Breaking the proof up into two parts

Breaking the proof - Breaking the proof up into two parts the first experiential and the second a priori seems to lend it more authority than the

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Breaking the proof up into two parts, the first experiential and the second a priori , seems to lend it more authority than the ontological argument, for experience provides a "secure foundation" and reason supplies the link to full-fledged being, the ens realissimum . However, the appeal to experience is superfluous, since the a priori argument states that a most real being is a necessary being. But this (if sound) would secure the necessary existence of the most real being, which is just what the ontological argument attempts to prove. "If I say, the concept of the ens realissimum is a concept, and indeed the only concept, which is appropriate and adequate to necessary existence, I must also admit that necessary existence can be inferred from this concept" Thus the cosmological argument is deceptive in its appeal to experience. There are other problems with the argument: (1) Inferring a cause for contingent beings is legitimate only if the cause is confined to the world of experience. "The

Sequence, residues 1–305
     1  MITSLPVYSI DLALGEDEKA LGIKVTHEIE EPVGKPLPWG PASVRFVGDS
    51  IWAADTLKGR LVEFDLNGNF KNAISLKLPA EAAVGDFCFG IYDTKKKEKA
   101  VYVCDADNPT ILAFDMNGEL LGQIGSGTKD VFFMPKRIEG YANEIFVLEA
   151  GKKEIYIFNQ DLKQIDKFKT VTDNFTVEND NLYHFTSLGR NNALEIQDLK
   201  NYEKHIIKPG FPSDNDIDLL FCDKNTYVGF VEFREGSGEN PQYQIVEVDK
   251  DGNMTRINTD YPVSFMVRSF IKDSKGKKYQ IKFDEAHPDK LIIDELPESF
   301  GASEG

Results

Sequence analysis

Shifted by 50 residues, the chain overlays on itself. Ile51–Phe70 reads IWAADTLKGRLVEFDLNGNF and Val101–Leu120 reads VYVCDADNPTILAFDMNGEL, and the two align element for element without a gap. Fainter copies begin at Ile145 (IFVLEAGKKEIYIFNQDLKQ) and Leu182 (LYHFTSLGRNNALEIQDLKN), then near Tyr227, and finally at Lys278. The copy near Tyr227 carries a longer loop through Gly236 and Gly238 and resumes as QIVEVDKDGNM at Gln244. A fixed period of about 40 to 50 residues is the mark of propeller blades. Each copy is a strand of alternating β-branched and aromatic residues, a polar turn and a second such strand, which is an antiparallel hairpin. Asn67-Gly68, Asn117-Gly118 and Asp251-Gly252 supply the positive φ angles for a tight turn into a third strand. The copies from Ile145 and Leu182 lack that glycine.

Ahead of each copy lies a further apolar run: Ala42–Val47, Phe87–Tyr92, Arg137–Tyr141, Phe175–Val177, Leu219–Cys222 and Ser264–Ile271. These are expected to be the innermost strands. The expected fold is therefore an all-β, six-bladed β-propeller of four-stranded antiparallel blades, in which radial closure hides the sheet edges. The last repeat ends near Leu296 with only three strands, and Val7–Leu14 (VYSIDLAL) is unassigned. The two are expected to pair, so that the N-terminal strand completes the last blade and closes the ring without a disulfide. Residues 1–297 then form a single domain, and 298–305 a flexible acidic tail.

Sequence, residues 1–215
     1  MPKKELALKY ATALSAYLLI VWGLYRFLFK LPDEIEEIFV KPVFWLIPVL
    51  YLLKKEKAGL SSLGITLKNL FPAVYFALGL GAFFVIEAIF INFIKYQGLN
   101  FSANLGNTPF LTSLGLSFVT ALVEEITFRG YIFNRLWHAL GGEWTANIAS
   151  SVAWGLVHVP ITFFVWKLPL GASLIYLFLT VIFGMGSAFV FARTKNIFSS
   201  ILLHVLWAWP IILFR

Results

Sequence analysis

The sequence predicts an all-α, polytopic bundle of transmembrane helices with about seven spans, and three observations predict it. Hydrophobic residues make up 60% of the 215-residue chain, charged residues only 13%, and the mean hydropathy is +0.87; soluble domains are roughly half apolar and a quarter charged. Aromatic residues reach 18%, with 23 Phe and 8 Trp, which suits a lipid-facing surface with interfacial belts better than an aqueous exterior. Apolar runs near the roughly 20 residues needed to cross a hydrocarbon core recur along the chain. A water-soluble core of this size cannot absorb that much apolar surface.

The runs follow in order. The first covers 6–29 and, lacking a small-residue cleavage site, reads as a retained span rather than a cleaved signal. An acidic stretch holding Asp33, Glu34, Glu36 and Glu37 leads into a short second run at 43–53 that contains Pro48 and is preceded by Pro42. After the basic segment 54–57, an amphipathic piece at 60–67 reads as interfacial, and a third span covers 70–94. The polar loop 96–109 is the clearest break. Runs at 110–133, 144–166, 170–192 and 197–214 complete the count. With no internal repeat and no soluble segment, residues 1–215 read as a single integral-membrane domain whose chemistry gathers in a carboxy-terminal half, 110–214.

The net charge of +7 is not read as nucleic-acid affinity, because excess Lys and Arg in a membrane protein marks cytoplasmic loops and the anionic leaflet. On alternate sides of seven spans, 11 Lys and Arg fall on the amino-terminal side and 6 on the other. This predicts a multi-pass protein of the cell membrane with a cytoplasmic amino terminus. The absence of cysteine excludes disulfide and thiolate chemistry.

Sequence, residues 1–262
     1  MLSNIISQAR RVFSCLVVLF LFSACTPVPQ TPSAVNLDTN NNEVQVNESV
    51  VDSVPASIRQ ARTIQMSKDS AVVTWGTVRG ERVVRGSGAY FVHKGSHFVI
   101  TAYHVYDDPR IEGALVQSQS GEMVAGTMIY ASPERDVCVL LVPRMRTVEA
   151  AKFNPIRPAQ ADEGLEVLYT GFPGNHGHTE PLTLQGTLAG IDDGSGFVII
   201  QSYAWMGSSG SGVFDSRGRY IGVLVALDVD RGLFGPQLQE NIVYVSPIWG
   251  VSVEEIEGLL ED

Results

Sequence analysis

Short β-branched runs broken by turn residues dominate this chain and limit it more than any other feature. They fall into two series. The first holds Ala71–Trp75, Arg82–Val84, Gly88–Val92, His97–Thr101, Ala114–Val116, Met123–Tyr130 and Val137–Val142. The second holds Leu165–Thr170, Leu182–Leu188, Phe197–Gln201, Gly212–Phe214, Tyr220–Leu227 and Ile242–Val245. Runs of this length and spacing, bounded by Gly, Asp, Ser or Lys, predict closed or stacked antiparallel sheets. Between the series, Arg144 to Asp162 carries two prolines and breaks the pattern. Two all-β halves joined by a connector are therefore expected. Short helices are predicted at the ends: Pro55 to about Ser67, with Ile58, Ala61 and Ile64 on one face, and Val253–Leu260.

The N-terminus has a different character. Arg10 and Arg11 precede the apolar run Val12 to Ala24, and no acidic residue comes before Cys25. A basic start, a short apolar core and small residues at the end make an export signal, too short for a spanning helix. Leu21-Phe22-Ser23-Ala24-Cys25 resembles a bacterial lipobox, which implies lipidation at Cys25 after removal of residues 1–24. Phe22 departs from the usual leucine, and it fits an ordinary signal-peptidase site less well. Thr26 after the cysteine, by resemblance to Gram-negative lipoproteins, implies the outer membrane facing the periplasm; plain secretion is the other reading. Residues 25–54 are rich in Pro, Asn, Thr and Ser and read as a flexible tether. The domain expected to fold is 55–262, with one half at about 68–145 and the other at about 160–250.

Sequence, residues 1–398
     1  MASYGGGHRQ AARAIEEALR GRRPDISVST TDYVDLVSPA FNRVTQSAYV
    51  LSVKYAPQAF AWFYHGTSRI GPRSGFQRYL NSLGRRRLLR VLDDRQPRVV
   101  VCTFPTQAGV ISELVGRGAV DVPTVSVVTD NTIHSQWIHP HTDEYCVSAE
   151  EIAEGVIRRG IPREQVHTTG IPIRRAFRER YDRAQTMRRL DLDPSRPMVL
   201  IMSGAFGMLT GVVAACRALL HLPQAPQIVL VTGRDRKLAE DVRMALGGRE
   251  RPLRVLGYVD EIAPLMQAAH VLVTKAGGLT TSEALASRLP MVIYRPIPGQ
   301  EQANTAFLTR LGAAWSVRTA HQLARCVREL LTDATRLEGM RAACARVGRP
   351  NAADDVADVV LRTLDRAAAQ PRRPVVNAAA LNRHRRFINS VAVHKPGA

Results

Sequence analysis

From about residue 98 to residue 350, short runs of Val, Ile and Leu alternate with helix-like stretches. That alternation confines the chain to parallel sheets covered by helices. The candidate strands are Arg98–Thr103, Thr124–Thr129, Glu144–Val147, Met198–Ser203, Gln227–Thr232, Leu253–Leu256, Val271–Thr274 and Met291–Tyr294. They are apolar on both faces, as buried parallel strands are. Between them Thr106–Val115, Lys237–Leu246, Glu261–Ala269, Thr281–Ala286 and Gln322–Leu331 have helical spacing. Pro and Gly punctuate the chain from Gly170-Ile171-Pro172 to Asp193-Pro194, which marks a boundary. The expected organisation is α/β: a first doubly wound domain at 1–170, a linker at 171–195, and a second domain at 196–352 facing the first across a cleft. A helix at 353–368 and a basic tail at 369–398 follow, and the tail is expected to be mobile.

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This note was uploaded on 11/09/2011 for the course PSY PSY2012 taught by Professor Scheff during the Fall '09 term at Broward College.

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